Three year olds...
Not quite big kids...yet not really babies any more.
All sorts of new words...yet not knowing how and when to use them.
Want to make many of their own choices....yet lack the thought capacity to think things through.
Often know what they want...yet can't figure out how to make it happen.
Bundles of energy...yet also bundles of emotions.
Over the course of my professional life (which seems so long ago now, even though it hasn't really been THAT long) I have worked with somewhere in the realm of hundreds of preschoolers. During that time I made many observations and came to many non textbook conclusions about the nature of the three year old, particularly the three and a half year old. I remember one year realizing that it seemed like I always had 1-2 kids who were absolutely unreachable. I said up, they went down. I gave them choices, but not the right options. They lacked skills to play with each other and seriously lacked attention span. One child was so "out there" that I honestly thought there was something wrong with him. Previously endearing children all seemed to make me want to tear my own hair out by the end of the day.
As the year went on and these children reached some point in an unforseen, unpredicted continuam and they were suddenly cured. Like someone flipped a switch and they came to school like nothing had ever been wrong. Now the first few times this happened, I patted myself on the back for my expert teaching skills and was sure that I had in fact influenced this change. After the first two or three times, however, I noticed that as soon as one child moved into the joyful ways of good behavior, another seemed to step into their place. Usually a child who had previously existed succesfully within the classroom setting.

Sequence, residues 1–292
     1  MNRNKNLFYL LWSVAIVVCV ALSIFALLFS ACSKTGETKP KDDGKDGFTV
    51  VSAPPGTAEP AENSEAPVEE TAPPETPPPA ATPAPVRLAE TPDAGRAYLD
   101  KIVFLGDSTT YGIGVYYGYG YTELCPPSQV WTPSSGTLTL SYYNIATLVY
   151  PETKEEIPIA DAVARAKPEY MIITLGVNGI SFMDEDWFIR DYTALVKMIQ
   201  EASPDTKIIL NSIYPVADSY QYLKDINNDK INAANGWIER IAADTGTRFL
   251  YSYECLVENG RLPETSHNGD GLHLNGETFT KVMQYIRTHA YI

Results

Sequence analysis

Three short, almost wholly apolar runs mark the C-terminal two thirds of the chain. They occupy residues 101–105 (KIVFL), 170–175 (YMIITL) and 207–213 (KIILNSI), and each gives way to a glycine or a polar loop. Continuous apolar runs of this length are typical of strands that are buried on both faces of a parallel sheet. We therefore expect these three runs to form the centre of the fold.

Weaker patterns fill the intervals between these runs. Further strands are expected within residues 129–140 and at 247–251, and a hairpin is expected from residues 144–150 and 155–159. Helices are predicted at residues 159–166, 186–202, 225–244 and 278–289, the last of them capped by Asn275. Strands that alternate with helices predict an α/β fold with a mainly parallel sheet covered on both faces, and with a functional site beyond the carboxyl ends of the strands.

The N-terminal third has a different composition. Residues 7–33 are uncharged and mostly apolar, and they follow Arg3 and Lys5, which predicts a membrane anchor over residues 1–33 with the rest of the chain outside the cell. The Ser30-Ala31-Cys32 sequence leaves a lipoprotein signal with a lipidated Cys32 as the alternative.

I began watching more closely and realized that for most children the troubled period began between 3 and 3.5 and ended near the 4th birthday. I eventually learned to let these children go to the extent that they were not overly disruptive to the classroom environment or other children and trust they would return to earth (in a manner of speaking) eventually. That teaching technique seemed to serve me well and without exception, all of my students eventually turned that corner and became ready to learn in the classroom setting again. The magic switch appeared to be hard wired. Trying to speed it up, only led to repeated burnt out bulbs (and teachers).